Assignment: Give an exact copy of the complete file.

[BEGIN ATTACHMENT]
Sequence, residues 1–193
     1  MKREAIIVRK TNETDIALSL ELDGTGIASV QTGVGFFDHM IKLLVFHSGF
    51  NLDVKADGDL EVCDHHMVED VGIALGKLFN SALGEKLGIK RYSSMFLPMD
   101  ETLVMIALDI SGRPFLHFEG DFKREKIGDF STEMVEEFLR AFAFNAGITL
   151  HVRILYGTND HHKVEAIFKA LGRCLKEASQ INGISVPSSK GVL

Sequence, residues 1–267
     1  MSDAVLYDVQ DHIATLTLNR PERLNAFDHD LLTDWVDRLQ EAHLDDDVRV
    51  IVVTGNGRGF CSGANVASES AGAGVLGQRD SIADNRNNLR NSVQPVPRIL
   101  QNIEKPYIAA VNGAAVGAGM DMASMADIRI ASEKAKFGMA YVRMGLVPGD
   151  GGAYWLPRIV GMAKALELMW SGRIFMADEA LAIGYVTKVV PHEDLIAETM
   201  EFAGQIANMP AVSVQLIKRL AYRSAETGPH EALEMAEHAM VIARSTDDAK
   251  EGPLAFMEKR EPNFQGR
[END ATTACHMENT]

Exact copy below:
Sequence, residues 1–193
     1  MKREAIIVRK TNETDIALSL ELDGTGIASV QTGVGFFDHM IKLLVFHSGF
    51  NLDVKADGDL EVCDHHMVED VGIALGKLFN SALGEKLGIK RYSSMFLPMD
   101  ETLVMIALDI SGRPFLHFEG DFKREKIGDF STEMVEEFLR AFAFNAGITL
   151  HVRILYGTND HHKVEAIFKA LGRCLKEASQ INGISVPSSK GVL

Sequence, residues 1–267
     1  MSDAVLYDVQ DHIATLTLNR PERLNAFDHD LLTDWVDRLQ EAHLDDDVRV
    51  IVVTGNGRGF CSGANVASES AGAGVLGQRD SIADNRNNLR NSVQPVPRIL
   101  QNIEKPYIAA VNGAAVGAGM DMASMADIRI ASEKAKFGMA YVRMGLVPGD
   151  GGAYWLPRIV GMAKALELMW SGRIFMADEA LAIGYVTKVV PHEDLIAETM
   201  EFAGQIANMP AVSVQLIKRL AYRSAETGPH EALEMAEHAM VIARSTDDAK
   251  EGPLAFMEKR EPNFQGR